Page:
Article by Ben Mester
Whole food supplements are a pretty new thing in the world of supplements. They’re starting to gain mass acceptance and popularity, probably because people are finally starting to educate themselves about taking their health into their own hands and how standard supplements work and effect their bodies. They’ve begun to understand how most cheap supplements are just synthetic isolates of the real thing and not all they’re cracked up to be.
Most multivitamins and other supplements made from poor synthetic isolates have less than 50% efficacy, meaning that less than half of the vitamin is absorbed by the body, and even less is actually used by the body. The rest of it is basically waste, depending on the quality of the synthetic. It’s starting to become common knowledge that the real thing is always better than a supplement. Eating a fresh orange is pretty much always better than popping a vitamin C pill, for example. Whole food supplements aim to be as close to the natural as possible, helping your body to absorb and utilize as much of the nutritional vitamin and mineral content as possible. Even though you might find them to be more expensive, they’re also more powerful, which gives you more for your buck. A standard cheap multivitamin is basically the fast food of the supplement world. Don’t sell yourself short.
So what is a whole food, and what is a whole food supplement? A whole food is defined as a food which is unprocessed or unrefined. Basically, it’s a food that’s in its natural state. It should be obvious why they absorb easier in the body, because they seek to mimic the natural state of food. A whole food supplement, in most instances, is nothing more than a fruit or vegetable that has been compressed and encapsulated into a pill. In order to be a true whole food supplement, it should come from a raw food. As you can imagine, this raises many quality standard issues, since a lot can go wrong with mass producing a raw food product. If you’re in the market for a whole food supplement, look for a company with high levels of quality standards and certifications.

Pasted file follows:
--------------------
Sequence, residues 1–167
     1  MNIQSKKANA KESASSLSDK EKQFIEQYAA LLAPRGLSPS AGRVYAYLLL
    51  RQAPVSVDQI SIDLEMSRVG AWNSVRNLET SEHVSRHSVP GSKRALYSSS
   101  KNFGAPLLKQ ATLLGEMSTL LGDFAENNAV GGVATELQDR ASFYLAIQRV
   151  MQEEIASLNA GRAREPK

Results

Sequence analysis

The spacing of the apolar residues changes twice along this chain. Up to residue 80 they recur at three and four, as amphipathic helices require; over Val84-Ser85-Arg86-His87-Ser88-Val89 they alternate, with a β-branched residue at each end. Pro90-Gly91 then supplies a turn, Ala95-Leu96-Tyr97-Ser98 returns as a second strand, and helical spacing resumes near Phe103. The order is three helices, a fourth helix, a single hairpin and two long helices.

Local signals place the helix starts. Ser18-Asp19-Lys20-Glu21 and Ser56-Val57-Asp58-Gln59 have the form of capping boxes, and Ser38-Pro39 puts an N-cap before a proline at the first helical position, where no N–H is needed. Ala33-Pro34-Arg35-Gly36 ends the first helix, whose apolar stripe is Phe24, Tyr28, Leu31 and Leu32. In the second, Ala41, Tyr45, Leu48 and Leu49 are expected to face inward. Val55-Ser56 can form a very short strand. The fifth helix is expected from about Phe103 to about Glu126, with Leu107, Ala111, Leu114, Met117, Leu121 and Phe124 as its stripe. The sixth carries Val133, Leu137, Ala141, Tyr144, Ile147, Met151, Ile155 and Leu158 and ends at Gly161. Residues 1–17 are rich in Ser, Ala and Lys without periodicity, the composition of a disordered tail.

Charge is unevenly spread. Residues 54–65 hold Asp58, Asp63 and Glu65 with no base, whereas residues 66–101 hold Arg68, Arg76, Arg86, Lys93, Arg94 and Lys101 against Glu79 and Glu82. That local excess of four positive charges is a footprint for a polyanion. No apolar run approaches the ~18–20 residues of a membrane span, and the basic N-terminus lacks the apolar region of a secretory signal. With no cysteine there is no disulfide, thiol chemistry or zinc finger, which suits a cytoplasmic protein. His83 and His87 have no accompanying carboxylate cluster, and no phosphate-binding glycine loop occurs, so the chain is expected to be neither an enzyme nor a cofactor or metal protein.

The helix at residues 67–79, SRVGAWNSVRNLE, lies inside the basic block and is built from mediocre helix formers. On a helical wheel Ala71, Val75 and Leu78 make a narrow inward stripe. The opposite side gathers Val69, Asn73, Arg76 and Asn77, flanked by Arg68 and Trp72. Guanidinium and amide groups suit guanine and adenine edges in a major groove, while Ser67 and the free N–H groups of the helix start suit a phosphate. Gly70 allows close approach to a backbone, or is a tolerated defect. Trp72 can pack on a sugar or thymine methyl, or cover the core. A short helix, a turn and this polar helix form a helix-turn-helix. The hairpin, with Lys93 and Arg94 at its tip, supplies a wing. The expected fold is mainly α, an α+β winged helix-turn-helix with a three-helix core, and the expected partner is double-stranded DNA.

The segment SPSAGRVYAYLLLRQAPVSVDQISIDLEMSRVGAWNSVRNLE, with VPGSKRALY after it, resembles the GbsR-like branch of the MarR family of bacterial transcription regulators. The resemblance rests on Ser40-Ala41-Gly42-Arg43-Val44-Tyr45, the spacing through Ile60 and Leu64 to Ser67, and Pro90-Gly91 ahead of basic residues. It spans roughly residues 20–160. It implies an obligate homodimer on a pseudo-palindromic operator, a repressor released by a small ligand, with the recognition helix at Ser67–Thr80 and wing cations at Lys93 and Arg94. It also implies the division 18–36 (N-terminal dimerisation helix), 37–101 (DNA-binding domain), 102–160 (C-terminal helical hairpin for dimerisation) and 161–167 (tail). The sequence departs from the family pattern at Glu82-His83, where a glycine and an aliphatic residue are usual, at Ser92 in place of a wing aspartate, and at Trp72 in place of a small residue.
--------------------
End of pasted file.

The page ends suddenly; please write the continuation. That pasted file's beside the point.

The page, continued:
In a way I’m against whole food supplements, since in the long run, it’s really better to just change your habits. People love the ease of taking pills and multivitamins, but if they would just be intentional about grabbing an organic piece of raw fruit or a raw vegetable for a snack every day, they could largely reduce their need for supplements of any kind. It’s really not that difficult to have some carrot sticks or raw green beans sitting in a bowl on the desk of your office. Think about how many vitamins and minerals you could be getting just by munching on a few organic whole foods throughout the day.
The other thing I like about this approach is the good, filling fiber you get from munching on raw vegetables throughout the day. Because raw vegetables often have lots of indigestible plant matter, or fiber, snacking on them throughout the day greatly reduces your calorie intake. Since your stomach is always partially full of indigestible plant matter, you can’t fill it with as much of the other stuff. So essentially, by munching on whole foods throughout the day instead of just taking whole food supplements, you’re putting yourself on an unconscious diet plan as well. It’s a win-win situation.
But if you do absolutely want to get started on a whole food supplement, there are many good ones on the market. Like I said earlier though, just make sure you buy a whole food supplement from a supplier that has high quality standards so you can make sure you know what you’re getting. Don’t just buy the first whole food supplement you come across. Take some time reading whole food supplement reviews.